How to grow The Wrap Up: Chelsea Flower Show 2013

The Wrap Up: Chelsea Flower Show 2013

Photo - Linda Ross


As Linda packs her bag for Chelsea 2014 she reflects on what has kept her humming with inspiration all year from Chelsea 2013.

The win

I turn into a cheering patriot whenever we beat the Brits, be it cricket or garden design, so the Best in Show win for Phillip Johnson’s Australian Garden got my heart beating faster. I just loved the garden, with its imaginative use of native plants, innovative waratah studio, billabong and 300 tonnes of Scottish rock. The waratah studio, designed by Studio 505, was especially impressive. It was crafted from asymmetrical, laser-cut ‘petals’ made from reclaimed timber. These created striking, dappled light effects inside the studio. The studio offered 360 degree views of the surrounding landscape through louvered windows and sections of clear flooring, and gave a sense of how such a structure links house and garden. (Even the Queen managed the circular stairs to the vantage point!)



You don’t want to leave Chelsea empty-handed and there are plenty of suitcase-sized items to choose from. My usual favourites: gardening boots from Dubarry; hand tools from Sneeboar; twine from Burgon and Ball; and pretty plant labels from Nutscene. Inside the pavilion a tidal wave of sweet peas pulled me like a rip and I decided I would purchase some deep purple varieties from Eagle Sweet Peas. I chose the highly perfumed Mixed Spencer. I was assured I can collect seeds from it every year, so that I will always have a souvenir of the 100th Chelsea flower show growing in my garden. When buying seeds at Chelsea (or anywhere else) ensure that the seed packet is correctly labelled with the botanic name of the plant, not just the common name. Declare it to Customs and you should have no problems.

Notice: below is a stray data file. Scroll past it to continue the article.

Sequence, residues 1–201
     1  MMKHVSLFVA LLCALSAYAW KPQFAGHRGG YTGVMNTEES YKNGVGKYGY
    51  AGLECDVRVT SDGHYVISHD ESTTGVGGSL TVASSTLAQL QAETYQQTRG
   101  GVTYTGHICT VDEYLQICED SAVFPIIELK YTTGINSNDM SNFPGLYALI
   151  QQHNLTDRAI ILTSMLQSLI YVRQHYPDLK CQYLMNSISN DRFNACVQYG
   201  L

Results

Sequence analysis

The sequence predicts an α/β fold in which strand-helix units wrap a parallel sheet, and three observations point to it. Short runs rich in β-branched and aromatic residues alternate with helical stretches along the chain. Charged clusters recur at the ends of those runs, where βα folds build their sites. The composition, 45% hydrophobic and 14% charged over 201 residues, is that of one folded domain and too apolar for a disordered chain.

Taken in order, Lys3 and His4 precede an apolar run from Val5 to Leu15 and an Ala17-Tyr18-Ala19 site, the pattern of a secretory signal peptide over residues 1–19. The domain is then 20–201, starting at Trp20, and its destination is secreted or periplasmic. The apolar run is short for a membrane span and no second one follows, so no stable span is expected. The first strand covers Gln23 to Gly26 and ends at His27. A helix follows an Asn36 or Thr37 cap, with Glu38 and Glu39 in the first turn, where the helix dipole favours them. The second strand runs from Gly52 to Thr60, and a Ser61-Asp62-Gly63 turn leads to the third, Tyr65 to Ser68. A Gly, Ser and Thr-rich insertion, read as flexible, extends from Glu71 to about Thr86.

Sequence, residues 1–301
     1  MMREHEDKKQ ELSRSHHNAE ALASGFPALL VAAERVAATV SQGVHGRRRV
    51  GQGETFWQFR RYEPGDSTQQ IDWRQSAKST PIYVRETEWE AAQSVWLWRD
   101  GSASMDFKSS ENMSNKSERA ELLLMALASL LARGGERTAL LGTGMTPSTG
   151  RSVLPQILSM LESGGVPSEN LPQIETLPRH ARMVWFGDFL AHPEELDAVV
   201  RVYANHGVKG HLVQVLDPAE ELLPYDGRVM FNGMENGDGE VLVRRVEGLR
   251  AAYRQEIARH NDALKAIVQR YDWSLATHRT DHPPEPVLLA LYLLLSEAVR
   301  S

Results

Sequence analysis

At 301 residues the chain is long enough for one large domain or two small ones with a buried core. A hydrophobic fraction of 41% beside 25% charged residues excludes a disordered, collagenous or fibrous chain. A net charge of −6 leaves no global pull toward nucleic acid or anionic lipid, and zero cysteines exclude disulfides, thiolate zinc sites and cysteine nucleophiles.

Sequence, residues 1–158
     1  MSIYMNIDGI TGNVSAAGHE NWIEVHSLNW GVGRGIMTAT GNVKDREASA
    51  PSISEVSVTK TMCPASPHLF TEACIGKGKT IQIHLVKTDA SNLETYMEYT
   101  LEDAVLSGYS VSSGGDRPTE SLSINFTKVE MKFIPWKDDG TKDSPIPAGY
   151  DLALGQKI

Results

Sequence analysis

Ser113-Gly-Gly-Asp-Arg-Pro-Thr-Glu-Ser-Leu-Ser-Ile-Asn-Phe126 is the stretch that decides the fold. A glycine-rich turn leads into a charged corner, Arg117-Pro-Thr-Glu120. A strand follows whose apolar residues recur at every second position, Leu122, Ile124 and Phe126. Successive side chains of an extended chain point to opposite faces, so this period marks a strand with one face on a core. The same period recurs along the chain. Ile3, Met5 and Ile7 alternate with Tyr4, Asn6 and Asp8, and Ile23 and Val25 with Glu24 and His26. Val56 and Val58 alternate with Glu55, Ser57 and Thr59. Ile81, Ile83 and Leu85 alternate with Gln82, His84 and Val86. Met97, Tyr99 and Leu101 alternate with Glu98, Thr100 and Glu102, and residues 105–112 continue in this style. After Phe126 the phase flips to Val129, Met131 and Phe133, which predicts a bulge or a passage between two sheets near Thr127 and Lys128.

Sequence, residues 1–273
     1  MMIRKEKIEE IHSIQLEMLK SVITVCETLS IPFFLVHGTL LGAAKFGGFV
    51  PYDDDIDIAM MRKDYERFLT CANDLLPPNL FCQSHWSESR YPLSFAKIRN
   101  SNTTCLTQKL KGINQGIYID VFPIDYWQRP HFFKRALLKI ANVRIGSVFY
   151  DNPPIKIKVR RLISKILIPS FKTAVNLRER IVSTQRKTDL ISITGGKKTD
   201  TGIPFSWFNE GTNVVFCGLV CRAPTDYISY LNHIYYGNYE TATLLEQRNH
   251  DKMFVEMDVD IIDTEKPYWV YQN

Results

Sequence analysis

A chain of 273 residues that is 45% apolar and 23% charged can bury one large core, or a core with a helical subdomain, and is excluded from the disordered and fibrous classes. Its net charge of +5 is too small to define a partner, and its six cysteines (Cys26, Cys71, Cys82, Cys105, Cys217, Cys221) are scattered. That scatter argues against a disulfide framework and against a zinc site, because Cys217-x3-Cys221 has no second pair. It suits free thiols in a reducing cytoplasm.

Photo - Linda Ross


London’s very late spring meant that the perennials usually relied upon at Chelsea to provide the jawdropping displays of colour were few and far between. (David Austin Roses was forced to use a glasshouse to bloom its roses in the lead-up to the show!) The result of the late spring was that shrubs were trucked in to provide structure and colour gardens that would otherwise have been bare: rhododendrons, lavender, buxus, maples and dogwood all made a change to the usual froth and bubble of wildflower meadows. It was done particularly well by Roger Platts in the M&G Investments Garden, reminding us all of the value of shrubs in the garden.



Photo - Linda Ross

Fired fence

UK Garden designer Christopher Bradley-Hole made headlines when he criticised both the judges and the judging process at Chelsea 2013. His complaint that the judges didn’t ‘get’ his garden sounded a lot like sour grapes. This is his garden, and though the tabletops of clipped box didn’t do much for me I was a huge fan of that fire-blackened fence.



Photo - Linda Ross



This stunning screen was made by Melbourne sculptors, Lump Sculpture Studio for the Australian Garden. The design, based on the ‘ringed’ appearance of the cross-section of a tree trunk, was laser cut into corten steel and made the risers on the spiral staircase leading to the waratah studio. When viewed from above, the risers were visually linked to form the tree’s rings. The pattern was replicated in these screens at the back of the garden.


Photo - Linda Ross



Text: Linda Ross

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Author: Linda Ross